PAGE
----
There was no delay to patency of first blood-stage P. cynomolgi infection in either low- or high-dose ivermectin groups (Fig. 2). Ivermectin displayed μM levels of liver schizont efficacy in vitro; however, a lack of delay to blood-stage patency suggests a minimal impact of ivermectin on liver schizont development. Admittedly, the injection of one million P. cynomolgi sporozoites into the macaque sets a very high bar for any drug, as it only requires one sporozoite to develop into a liver schizont to continue the blood-stage malaria infection. This is in contrast to a single mosquito that is predicted to deliver <100 sporozoites during blood feeding (21). The in vitro ivermectin experiments indicated prophylactic inhibition of P. cynomolgi hypnozoite development at μM concentrations; however, the macaque ivermectin challenge clearly demonstrated development of hypnozoites, as indicated by the first and second blood-stage relapses occurring at approximately the same time as negative vehicle controls (Fig. 2). Neither in vitro nor in vivo P. cynomolgi models indicate a radical cure efficacy potential for ivermectin. A recent human challenge trial (n = 8) with intravenous injection of cryopreserved Plasmodium falciparum sporozoites (n = 3,200) and a single oral dose ivermectin (400 μg/kg) failed to show liver-stage inhibition in terms of time to blood-stage patency (22).
To the best of our knowledge, this is highest repeated dose ivermectin pharmacokinetic investigation in any mammal species (Fig. 4). There were no significant changes in the clearance per fraction of drug absorbed (CL/F) or half-life (t1/2) values (Table 1 and Fig. 5). It should be noted that this study had a small sample size, with only three macaques per ivermectin-treated group, and thus, ivermectin autoinhibition warrants further evaluation in future trials. In humans, three repeated doses of ivermectin (30 or 60 mg) every third day did not inhibit Cmax when comparing the first and third dose, suggesting a lack of autoinhibition (10). In FVB mice administered oral ivermectin (0.2 mg/kg) twice a week for 5 weeks, there was a 1.7-fold reduction in the 24-hour postdose plasma ivermectin concentrations, while the major metabolite concentration increased by 1.7-fold (23), suggesting an induction of metabolism.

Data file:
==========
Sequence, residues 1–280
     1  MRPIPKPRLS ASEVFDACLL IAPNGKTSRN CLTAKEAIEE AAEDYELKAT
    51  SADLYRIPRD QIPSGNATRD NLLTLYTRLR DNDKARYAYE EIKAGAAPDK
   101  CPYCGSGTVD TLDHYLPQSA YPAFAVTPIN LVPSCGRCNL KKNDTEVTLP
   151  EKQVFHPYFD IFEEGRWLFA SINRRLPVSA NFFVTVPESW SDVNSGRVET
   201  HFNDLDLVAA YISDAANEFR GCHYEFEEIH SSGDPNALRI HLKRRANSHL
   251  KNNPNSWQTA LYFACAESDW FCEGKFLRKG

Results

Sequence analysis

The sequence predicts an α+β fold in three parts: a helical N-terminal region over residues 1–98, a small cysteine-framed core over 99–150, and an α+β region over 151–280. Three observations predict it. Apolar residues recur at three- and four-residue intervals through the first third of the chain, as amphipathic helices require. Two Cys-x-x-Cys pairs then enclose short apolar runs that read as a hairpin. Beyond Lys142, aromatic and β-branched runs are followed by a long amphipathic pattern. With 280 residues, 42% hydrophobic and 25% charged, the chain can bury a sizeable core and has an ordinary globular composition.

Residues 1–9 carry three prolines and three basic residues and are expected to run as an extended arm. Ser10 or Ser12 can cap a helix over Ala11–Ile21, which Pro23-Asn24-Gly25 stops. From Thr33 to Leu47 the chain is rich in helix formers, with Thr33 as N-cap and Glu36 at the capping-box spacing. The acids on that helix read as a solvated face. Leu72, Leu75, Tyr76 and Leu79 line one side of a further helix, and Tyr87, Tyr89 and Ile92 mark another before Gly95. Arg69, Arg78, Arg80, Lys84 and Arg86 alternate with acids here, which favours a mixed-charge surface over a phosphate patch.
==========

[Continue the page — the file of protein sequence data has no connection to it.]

Pharmacokinetic simulation of ivermectin concentration-time profile when given at 0.3, 0.6, and 1.2 mg/kg for 7 days in rhesus macaques. Illustrates the simulation of plasma ivermectin concentration-time profile. One-compartment analysis best described the observed data by using the estimates calculated by noncompartmental analysis following the first and seventh doses as initial estimates. In the simulation, Cmax had mean estimates of 150, 300, and 600 ng/ml at approximately 4 h after the first dose and reached a steady state around the fifth dose with Cmax at 243, 486, and 973 ng/ml at the ivermectin doses 0.3, 0.6, and 1.2 mg/kg, respectively. IVM, ivermectin.
Mean plasma concentration-time profiles of ivermectin 24 hours after the first and seventh dose when administered ivermectin at 0.3, 0.6, and 1.2 mg/kg with and without chloroquine (10 mg/kg). Illustrates the mean ivermectin plasma concentration (ng/ml) by time (h) profile 24 hours after the first and seventh dose with or without CQ (10 mg/kg). There was a slight reduction in peak concentrations achieved and a delay in time to achieve peak concentrations when comparing the first and seventh doses. IVM, ivermectin; CQ, chloroquin